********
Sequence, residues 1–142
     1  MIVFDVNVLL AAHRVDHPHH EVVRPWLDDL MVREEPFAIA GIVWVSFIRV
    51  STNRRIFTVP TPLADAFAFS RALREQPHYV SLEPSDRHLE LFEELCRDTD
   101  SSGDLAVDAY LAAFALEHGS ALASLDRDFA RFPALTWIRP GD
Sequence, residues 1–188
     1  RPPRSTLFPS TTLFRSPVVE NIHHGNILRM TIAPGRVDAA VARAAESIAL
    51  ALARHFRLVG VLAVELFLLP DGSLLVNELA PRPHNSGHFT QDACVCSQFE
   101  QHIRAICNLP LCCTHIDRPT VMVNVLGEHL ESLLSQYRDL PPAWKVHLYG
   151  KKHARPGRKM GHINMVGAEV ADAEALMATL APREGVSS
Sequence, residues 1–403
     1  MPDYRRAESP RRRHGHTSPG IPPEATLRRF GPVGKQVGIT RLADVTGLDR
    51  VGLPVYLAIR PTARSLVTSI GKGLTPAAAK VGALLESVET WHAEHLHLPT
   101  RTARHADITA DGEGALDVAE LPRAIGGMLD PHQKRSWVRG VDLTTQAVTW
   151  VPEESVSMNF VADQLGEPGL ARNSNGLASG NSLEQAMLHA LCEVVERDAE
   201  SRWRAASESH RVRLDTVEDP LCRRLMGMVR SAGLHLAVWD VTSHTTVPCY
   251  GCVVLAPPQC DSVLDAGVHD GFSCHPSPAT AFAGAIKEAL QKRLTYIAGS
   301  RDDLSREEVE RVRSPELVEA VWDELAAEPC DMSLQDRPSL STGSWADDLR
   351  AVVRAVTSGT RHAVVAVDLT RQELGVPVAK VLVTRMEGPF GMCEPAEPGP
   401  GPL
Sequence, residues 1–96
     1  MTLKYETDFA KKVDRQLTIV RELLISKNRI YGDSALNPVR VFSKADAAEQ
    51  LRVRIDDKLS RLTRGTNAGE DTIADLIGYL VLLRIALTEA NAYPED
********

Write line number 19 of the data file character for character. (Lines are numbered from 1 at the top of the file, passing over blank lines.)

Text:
   401  GPL